Automated driverless vehicles soon will cruise select Minnesota roadways for the first time, moving passengers and mingling with other traffic in Rochester and potentially White Bear Lake.

The Med City Mover is expected to start looping through downtown Rochester late this summer or in early fall with stops at Mayo Clinic and the People's Food Co-op, part of a growing list of sites across the country, including Yellowstone National Park, that are testing driverless technology.

White Bear Lake leaders and partners say they are pursuing a similar driverless shuttle route.

In Rochester, the brightly colored purple and orange electric shuttles will top out at 15 miles per hour. The vehicles are tall and square and about the size of an economy car. A paid attendant will ride in the shuttle and will be able to take control of the vehicle in case of an emergency.

"This will be the first time in Minnesota we are operating one of these shuttles in a live multimodal urban environment with live traffic," said Tara Olds, deputy director of Minnesota Department of Transportation's Connected and Automated Vehicle Office. "It helps people to have a better understanding of what the future of transportation could look like."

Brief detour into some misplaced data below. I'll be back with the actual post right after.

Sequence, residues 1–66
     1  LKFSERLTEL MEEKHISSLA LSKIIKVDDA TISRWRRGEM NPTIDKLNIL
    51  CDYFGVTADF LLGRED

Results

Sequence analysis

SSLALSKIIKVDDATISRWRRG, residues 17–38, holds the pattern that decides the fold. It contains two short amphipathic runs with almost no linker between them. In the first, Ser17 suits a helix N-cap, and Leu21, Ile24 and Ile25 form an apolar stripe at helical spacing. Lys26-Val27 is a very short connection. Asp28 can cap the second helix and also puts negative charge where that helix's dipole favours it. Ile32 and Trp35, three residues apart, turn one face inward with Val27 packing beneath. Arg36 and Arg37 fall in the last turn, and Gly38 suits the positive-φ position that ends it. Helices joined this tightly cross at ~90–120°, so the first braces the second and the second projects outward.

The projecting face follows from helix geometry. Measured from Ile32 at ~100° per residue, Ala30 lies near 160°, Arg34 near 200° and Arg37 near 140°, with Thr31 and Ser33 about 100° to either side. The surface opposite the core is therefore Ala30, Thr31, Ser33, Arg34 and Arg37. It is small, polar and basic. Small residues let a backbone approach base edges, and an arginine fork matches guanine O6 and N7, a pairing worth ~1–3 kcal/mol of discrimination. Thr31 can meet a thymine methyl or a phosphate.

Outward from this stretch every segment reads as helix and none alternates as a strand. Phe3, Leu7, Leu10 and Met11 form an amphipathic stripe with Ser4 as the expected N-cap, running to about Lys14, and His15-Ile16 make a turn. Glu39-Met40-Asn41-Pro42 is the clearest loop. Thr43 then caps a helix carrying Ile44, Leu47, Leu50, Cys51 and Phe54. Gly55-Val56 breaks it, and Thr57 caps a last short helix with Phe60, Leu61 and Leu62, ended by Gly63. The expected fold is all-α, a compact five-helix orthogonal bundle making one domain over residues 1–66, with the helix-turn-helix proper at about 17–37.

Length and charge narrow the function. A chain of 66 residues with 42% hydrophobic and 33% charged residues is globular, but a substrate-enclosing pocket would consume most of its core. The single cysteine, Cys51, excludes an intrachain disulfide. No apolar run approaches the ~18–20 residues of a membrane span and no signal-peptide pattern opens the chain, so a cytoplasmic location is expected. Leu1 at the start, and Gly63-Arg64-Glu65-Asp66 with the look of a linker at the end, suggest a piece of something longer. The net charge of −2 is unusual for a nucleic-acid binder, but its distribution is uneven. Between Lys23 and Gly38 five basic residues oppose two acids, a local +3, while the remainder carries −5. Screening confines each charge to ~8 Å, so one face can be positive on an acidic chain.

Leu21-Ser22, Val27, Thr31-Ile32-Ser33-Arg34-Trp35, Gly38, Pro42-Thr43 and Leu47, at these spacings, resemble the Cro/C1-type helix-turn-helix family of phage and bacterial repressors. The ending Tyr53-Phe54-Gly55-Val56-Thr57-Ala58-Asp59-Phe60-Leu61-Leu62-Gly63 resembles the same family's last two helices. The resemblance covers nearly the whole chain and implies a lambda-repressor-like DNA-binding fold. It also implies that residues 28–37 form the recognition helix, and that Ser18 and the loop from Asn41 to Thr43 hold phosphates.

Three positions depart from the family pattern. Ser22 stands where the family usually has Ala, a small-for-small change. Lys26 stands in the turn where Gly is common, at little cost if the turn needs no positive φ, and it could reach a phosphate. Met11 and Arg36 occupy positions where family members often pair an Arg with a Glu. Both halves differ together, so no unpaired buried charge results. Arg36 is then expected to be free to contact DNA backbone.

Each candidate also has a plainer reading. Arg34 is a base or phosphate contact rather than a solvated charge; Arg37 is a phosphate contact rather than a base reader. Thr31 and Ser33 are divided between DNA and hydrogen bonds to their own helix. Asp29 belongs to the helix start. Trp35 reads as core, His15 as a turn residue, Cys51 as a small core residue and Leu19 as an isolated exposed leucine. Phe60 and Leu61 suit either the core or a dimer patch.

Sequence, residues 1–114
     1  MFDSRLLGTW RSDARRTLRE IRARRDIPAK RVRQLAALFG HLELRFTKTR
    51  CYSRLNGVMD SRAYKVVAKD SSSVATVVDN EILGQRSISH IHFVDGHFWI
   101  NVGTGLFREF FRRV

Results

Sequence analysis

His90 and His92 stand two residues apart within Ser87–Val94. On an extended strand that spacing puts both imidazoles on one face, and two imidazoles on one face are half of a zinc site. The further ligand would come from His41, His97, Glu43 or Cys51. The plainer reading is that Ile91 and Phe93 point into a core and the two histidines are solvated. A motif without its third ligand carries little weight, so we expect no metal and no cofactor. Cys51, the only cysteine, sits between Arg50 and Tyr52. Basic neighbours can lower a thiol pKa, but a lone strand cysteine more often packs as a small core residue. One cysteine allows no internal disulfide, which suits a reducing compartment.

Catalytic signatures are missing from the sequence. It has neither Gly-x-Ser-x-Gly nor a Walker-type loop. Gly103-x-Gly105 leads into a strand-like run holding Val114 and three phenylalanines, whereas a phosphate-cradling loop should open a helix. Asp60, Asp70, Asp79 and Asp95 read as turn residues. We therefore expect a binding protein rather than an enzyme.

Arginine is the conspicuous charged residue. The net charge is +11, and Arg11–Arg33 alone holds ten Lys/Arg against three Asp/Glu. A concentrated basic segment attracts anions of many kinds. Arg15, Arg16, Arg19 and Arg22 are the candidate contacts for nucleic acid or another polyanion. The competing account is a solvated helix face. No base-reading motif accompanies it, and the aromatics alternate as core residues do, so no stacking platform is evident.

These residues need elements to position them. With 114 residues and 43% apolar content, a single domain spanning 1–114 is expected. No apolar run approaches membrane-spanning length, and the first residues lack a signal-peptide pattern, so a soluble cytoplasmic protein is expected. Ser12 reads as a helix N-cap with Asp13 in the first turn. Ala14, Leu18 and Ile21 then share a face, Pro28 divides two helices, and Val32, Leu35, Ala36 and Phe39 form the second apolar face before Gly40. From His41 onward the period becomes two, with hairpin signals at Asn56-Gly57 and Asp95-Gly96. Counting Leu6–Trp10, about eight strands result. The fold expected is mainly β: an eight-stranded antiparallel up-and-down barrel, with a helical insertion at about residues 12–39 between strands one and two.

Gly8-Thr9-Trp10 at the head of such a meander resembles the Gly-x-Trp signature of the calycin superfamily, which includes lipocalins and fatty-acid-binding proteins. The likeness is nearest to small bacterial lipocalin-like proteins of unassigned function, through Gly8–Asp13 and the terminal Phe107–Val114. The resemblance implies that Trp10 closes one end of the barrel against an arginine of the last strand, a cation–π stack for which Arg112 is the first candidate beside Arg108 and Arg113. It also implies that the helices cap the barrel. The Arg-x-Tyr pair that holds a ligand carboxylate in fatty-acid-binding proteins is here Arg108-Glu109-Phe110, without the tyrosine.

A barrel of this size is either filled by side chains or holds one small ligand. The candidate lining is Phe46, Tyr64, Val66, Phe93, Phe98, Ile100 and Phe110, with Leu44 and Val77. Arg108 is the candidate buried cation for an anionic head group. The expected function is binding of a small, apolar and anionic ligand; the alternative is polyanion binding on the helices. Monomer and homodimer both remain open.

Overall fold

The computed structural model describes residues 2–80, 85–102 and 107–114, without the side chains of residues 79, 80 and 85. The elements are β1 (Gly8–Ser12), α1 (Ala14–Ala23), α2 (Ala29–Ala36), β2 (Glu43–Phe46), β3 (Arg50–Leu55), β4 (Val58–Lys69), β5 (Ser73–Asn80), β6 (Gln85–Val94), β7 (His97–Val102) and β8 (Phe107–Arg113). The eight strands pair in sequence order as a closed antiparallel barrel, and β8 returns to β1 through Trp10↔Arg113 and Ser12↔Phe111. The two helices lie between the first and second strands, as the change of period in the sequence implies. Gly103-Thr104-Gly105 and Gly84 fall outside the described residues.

Med City Mover — a collaboration between a handful of partners including MnDOT, the city of Rochester and First Transit — will operate for a year free to the public. The goal is to gather data and give people, including other motorists, an opportunity to interact with driverless vehicles. It also is a chance to test the vehicles in a cold climate, Olds said.

"These really haven't been in weather conditions like we see in Minnesota," Olds said.

A driverless shuttle did run along a portion of Nicollet Mall in downtown Minneapolis during Super Bowl 2018, but that street was closed to other traffic.

"It's exciting to be on the front end of this," Rochester Mayor Kim Norton said. "A lot of people are somewhat apprehensive about the concept."

Norton said she is prepared for the driverless technology to elicit strong reactions from residents, both supportive and skeptical.

"People will be watching how this works. I am told this vehicle is quite aware of its surroundings and it will be able to stop," Norton said.

Driverless vehicles have been met with pockets of deep skepticism across the country, and some industry advocates are trying to win over the public with small, pilot programs that promote people using the technology.

In 2017, global research company J.D. Power found that consumer trust in automated vehicles declined toward "definitely would not trust" across all generations compared to the same study a year earlier, according to a University of Michigan report. But the University of Michigan's Mcity transportation program, which was testing its own driverless shuttles at its Ann Arbor campus, found that consumers who used the shuttles were overwhelmingly supportive of the technology.